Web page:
Words per minute
Words per minute, commonly abbreviated wpm (sometimes uppercased WPM), is a measure of words processed in a minute, often used as a measurement of the speed of typing, reading or Morse code sending and receiving.
Since the length or duration of words is clearly variable, for the purpose of measurement of text entry, the definition of each "word" is often standardized to be five characters or keystrokes long in English, including spaces and punctuation. For example, under such a method applied to plain English text the phrase "I run" counts as one word, but "rhinoceros" and "let's talk" would both count as two.
Karat et al. found that one study of average computer users in 1999, the average rate for transcription was 32.5 words per minute, and 19.0 words per minute for composition. In the same study, when the group was divided into "fast", "moderate", and "slow" groups, the average speeds were 40 wpm, 35 wpm, and 23 wpm, respectively.
With the onset of the era of desktop computers, fast typing skills became much more widespread.
An average professional typist types usually in speeds of 50 to 80 wpm, while some positions can require 80 to 95 (usually the minimum required for dispatch positions and other time-sensitive typing jobs), and some advanced typists work at speeds above 120 wpm. Two-finger typists, sometimes also referred to as "hunt and peck" typists, commonly reach sustained speeds of about 37 wpm for memorized text and 27 wpm when copying text, but in bursts may be able to reach much higher speeds. From the 1920s through the 1970s, typing speed (along with shorthand speed) was an important secretarial qualification and typing contests were popular and often publicized by typewriter companies as promotional tools.
Stenotype keyboards enable the trained user to input text as fast as 226 wpm or faster at very high accuracy for an extended period of time, which is sufficient for real-time activities such as court reporting or closed captioning. While dropout rates are very high—in some cases, only 10% or even fewer graduate—stenotype students are usually able to reach speeds of 100–120 wpm within six months, which is faster than most alphanumeric typists. Guinness World Records gives 360 wpm with 97.23% accuracy as the highest achieved speed using a stenotype.
The numeric entry or 10 key speed is a measure of one's ability to manipulate the numeric keypad found on most modern separate computer keyboards. It is used to measure speed for jobs such as data entry of number information on items such as remittance advice, bills, or checks, as deposited to lock boxes. It is measured in keystrokes per hour (KPH). Many jobs require a certain KPH, often 8,000 or 10,000.
For an adult population (age range 18–60) the average speed of copying is 40 letters per minute (approximately 13 wpm), with the range from a minimum of 26 to a maximum of 113 letters per minute (approximately 5 to 20 wpm).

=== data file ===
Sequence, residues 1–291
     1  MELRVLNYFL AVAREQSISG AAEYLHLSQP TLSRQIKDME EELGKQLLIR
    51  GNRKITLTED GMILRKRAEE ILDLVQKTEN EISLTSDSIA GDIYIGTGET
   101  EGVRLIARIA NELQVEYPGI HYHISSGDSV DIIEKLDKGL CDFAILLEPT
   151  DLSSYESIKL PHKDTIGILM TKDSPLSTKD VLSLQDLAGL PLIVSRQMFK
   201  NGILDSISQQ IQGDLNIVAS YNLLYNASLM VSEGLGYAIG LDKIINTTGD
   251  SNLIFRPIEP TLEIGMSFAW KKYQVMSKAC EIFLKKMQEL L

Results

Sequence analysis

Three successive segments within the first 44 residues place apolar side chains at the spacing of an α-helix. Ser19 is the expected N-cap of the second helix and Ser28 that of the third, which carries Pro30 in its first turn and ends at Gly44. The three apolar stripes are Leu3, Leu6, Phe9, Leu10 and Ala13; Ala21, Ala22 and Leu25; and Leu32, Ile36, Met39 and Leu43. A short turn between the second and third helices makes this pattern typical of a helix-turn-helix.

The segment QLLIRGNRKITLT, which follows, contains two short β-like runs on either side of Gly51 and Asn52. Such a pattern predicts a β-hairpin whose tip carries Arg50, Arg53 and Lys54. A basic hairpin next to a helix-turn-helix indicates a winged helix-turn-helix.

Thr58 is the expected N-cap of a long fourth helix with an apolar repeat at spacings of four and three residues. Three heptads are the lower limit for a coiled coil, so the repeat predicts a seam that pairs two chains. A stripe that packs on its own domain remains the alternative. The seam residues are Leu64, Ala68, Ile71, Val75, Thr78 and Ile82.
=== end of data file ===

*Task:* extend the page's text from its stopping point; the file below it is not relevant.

A study of police interview records showed that the highest speed fell in the range 120–155 characters per minute, the highest possible limit being 190 characters per minute.
According to various studies the speed of handwriting of 3–7 graders varies from 25 to 94 letters per minute.
Reading and comprehension
Words per minute is a common metric for assessing reading speed and is often used in the context of remedial skills evaluation, as well as in the context of speed reading, where it is a controversial measure of reading performance.
A word in this context is the same as in the context of speech.
Research done in 2012 measured the speed at which subjects read a text aloud, and found the average speed across 17 different languages to be 184±29 wpm or 863±234 characters per minute. However, for the languages that use the Latin or Cyrillic alphabets, the number of wpm varied, as low as 161±18 for Finnish and as high as 228±30 for English. The reason for this is different word structures in each language (longer words in such languages as Finnish and shorter words in English). However, the number of characters per minute tends to be around 1000 for all the tested languages. For the tested Asian languages that use particular writing systems (Arabic, Hebrew, Chinese, Japanese) these numbers are lower.
Scientific studies have demonstrated that reading—defined here as capturing and decoding all the words on every page—faster than 900 wpm is not feasible given the limits set by the anatomy of the eye.
While proofreading materials, people are able to read English at 200 wpm on paper, and 180 wpm on a monitor. [Those numbers from Ziefle, 1998, are for studies that used monitors prior to 1992. See Noyes & Garland 2008 for a modern tech view of equivalence.]
Speech and listening
Slide presentations tend to be closer to 100–125 wpm for a comfortable pace, auctioneers can speak at about 250 wpm, and the fastest speaking policy debaters speak from 350 to over 500 words per minute. Internet speech calculators show that various things influence words per minute including nervousness.
John Moschitta, Jr., was listed in Guinness World Records, for a time, as the world's fastest speaker, being able to talk at 586 wpm. He has since been surpassed by Steve Woodmore, who achieved a rate of 637 wpm.